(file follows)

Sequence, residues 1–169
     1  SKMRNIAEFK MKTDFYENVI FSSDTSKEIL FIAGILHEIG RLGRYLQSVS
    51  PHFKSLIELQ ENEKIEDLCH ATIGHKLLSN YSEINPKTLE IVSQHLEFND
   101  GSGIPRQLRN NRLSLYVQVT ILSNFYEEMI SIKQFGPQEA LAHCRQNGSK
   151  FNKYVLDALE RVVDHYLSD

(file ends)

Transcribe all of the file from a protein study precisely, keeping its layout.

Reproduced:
Sequence, residues 1–169
     1  SKMRNIAEFK MKTDFYENVI FSSDTSKEIL FIAGILHEIG RLGRYLQSVS
    51  PHFKSLIELQ ENEKIEDLCH ATIGHKLLSN YSEINPKTLE IVSQHLEFND
   101  GSGIPRQLRN NRLSLYVQVT ILSNFYEEMI SIKQFGPQEA LAHCRQNGSK
   151  FNKYVLDALE RVVDHYLSD